English Queen (finally) to host Holocaust survivors (& other stories)

October 27, 2004

[Note by Tom Gross]

* This dispatch contains articles that are all updates to other items sent out previously on this list. They concern Holocaust-related items on Hungary, Holland the UK, the U.S., and Romania.

 

CONTENTS

1. Hungarians Protest
2. Pressure building on U.S. to settle claims that U.S. Army plundered Jewish property
3. Hungarian official resigns after Holocaust joke
4. A second Anne Frank: Diary of Jewish girl killed by Nazis found in Tilburg
5. Dutch soccer team Ajax proud to be called "the Jews"
6. English Queen to host Holocaust survivors
7. Finally, Romania fully acknowledges participation in Holocaust

There are summaries first, followed by the full articles.


SUMMARIES

HUNGARIANS PROTEST

[This is an update to the dispatch of October 15, 2004 titled The Jews are an 'inferior race,' says Diana, 26, Budapest.]

There are senior print and TV journalists from several central and east European countries on this email list. A well-known journalist in Budapest writes:

"To update you on your dispatch last week. The Diana Bacsfi episode has produced a very powerful counter-reaction across the Hungarian political spectrum – about 25,000 people took part in an anti-fascist demonstration here, including the prime minister Ferenc Gyurcsany on October 15, the 60th anniversary of the Arrow Cross coup. There were so many protestors that the police sealed off central Budapest.

"It seems Bacsfi did Hungary a favor in a way, as all main parties came out very strongly against her Fascism/Nazi-nostalgia. I think it's worth noting that today Hungary has done itself quite proudly – we condemn anti-Semitism where we find it, and we should also praise those who take a real stand against it."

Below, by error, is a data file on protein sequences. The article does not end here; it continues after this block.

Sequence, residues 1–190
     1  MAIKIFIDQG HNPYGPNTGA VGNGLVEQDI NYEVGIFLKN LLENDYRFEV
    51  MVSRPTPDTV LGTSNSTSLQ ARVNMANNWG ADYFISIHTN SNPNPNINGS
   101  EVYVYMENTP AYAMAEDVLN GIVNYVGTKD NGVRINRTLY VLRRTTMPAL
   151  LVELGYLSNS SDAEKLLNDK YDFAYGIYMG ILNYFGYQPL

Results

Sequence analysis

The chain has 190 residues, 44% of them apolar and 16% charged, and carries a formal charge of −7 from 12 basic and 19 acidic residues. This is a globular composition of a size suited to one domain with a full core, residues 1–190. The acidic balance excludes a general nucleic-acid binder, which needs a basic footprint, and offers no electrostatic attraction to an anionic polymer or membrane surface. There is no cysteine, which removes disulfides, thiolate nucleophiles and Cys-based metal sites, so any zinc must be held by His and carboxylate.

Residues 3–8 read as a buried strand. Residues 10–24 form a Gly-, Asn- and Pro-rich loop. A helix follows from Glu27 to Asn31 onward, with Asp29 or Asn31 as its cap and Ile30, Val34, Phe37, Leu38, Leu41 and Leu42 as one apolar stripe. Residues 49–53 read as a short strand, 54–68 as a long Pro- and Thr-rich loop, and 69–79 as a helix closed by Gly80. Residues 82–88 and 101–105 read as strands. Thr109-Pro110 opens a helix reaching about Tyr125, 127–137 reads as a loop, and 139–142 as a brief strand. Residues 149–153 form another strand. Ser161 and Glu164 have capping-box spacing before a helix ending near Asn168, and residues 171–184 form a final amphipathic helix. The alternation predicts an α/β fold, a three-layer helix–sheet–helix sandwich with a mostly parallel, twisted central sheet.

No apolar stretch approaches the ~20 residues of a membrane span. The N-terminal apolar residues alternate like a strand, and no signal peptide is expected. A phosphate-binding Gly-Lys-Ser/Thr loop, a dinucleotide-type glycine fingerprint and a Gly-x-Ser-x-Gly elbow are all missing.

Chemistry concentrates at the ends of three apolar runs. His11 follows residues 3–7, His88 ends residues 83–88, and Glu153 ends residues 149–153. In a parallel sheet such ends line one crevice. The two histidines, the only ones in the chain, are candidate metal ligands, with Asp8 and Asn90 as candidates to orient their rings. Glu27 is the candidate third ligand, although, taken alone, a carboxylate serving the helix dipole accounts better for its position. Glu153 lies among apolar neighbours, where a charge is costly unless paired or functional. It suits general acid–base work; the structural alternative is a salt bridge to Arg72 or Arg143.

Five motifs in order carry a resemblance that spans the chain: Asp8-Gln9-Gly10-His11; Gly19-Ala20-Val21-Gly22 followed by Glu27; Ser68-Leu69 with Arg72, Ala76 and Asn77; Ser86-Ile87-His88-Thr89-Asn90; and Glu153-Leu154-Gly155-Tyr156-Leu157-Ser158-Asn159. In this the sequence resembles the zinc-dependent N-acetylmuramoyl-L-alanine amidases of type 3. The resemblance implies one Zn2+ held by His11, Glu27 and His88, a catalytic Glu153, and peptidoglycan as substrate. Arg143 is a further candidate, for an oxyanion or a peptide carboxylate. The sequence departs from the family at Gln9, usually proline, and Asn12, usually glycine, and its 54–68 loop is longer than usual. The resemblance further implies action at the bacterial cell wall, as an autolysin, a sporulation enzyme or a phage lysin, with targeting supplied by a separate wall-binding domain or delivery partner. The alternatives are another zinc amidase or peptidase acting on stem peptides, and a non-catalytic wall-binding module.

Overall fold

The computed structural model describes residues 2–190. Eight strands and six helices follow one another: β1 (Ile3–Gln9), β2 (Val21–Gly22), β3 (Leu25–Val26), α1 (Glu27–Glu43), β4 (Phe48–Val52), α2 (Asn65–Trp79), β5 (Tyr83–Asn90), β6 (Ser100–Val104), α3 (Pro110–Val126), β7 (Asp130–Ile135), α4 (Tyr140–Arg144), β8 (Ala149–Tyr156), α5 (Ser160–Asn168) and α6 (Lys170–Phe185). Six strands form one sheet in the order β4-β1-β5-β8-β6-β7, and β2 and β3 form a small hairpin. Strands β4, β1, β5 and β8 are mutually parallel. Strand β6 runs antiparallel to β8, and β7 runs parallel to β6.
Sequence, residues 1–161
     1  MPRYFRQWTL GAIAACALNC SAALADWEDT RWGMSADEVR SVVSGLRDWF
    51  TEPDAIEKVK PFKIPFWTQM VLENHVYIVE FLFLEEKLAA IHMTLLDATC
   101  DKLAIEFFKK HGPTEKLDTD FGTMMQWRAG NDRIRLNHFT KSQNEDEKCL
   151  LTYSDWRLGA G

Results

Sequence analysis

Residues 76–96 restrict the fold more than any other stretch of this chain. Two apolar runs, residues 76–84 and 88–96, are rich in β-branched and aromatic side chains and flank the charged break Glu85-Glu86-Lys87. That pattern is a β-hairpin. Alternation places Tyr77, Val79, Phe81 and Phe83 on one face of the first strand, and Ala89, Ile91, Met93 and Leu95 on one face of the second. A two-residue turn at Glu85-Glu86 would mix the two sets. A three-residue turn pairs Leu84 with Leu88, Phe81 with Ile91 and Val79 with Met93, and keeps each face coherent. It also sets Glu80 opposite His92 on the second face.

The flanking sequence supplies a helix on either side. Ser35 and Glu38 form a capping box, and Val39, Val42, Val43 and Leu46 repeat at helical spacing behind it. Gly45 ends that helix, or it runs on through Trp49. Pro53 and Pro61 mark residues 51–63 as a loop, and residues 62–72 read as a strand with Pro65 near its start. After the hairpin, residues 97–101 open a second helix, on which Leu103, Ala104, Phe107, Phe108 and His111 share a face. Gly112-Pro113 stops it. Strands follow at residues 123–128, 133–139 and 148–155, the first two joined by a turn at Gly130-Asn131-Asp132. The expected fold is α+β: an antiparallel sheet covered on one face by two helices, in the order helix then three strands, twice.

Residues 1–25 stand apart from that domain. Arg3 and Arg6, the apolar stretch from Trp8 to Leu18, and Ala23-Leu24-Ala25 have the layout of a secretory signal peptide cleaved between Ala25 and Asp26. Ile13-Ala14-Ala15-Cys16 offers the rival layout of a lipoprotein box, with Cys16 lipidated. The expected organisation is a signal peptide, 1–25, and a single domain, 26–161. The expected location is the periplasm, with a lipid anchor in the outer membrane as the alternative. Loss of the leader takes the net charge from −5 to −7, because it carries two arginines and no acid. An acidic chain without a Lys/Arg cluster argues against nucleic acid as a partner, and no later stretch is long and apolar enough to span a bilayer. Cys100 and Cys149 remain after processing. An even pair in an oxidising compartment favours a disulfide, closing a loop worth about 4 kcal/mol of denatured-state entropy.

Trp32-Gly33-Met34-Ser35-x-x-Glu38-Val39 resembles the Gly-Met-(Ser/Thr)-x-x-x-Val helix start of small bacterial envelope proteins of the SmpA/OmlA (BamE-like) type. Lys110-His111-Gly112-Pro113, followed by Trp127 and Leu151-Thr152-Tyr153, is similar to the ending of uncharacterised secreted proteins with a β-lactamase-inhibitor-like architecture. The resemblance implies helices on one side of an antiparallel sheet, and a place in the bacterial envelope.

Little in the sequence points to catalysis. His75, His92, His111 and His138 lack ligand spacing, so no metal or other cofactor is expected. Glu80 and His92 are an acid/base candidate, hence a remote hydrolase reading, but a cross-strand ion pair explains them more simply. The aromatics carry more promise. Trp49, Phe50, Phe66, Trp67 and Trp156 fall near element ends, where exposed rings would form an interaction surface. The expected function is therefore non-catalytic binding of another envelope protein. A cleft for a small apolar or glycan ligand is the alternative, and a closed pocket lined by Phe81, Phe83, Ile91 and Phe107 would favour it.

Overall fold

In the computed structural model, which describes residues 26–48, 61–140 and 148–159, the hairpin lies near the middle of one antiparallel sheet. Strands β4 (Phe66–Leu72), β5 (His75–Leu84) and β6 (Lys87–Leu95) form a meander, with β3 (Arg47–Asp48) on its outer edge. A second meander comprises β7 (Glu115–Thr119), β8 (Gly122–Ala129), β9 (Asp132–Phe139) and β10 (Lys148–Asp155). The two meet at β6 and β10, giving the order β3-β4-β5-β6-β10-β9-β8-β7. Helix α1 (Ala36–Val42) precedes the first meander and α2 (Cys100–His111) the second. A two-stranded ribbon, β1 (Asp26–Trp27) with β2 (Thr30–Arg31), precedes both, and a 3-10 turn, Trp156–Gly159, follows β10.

Tom Gross adds:

Hungarian police have now detained Diana Bacsfi, leader of the Magyar Jovo Csoport (Movement for a Hungarian Future). for disturbing the peace and for giving Nazi-style salutes in public. Police also suspect her group was responsible for pouring red paint on the memorial to Holocaust victims in front of the Novotel park in Budapest.

500,000 Jews were deported to Auschwitz with the enthusiastic assistance of Hungarian officials, and 100,000 Hungarian Jews were killed in other ways including being shot and thrown into the Danube.

 

PRESSURE BUILDING ON U.S. TO SETTLE HOLOCAUST CLAIMS

(Associated Press, Miami bureau, October 11, 2004)

Bipartisan political pressure is building for the Bush administration to settle a lawsuit by Hungarian Jews who claim the United States plundered family riches that had been seized by the Nazis during World War II.

... In the waning days of the war, the Nazis sent 24 boxcars toward Germany, filled with gold, silver, paintings, Oriental rugs, furs and other treasures seized from Hungarian Holocaust victims. Nazis, Hungarians and Austrians stole from the train along the way. The U.S. Army eventually seized control of the riches, but American officers helped themselves to china, silverware and artwork for their homes and offices, according to the commission.

The lawsuit seeks up to $10,000 each for as many as 30,000 Hungarian Jews and their survivors... The train and cargo worth an estimated $50 million to $120 million were shrouded in official secrecy until the Presidential Advisory Commission on Holocaust Assets detailed it in a 1999 draft report.

... The United States pressured European governments and businesses in the 1990s to pay Holocaust reparations, and critics say the U.S. government should hold itself to the same standard.

... The Justice Department said last summer that the United States "bears neither the legal nor the moral responsibility" for the losses. In court papers, Justice attorneys said that Hungarian Holocaust victims, many of whom lost relatives to the Nazis and survived the war penniless, "lived generally prosperous lives" in North America...

 

NO LAUGHING MATTER

"Hungarian official resigns after Holocaust joke"
(Associated Press, Budapest bureau, October 18, 2004)

A parliamentary deputy with the governing Socialist Party said Monday he would resign from his post after being caught on camera making a joke about the Holocaust... Last week, while he was waiting to take part in an anti-fascist protest, Janos Zuschlag was caught on camera by the Hir TV news channel making a joke about Holocaust victims.